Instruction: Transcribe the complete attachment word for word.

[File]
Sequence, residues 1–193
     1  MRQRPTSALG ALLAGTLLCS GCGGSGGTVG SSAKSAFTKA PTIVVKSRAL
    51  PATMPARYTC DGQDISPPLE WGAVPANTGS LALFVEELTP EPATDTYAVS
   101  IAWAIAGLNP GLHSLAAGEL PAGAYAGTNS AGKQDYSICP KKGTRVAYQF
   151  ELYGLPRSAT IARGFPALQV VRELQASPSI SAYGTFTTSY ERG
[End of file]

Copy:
Sequence, residues 1–193
     1  MRQRPTSALG ALLAGTLLCS GCGGSGGTVG SSAKSAFTKA PTIVVKSRAL
    51  PATMPARYTC DGQDISPPLE WGAVPANTGS LALFVEELTP EPATDTYAVS
   101  IAWAIAGLNP GLHSLAAGEL PAGAYAGTNS AGKQDYSICP KKGTRVAYQF
   151  ELYGLPRSAT IARGFPALQV VRELQASPSI SAYGTFTTSY ERG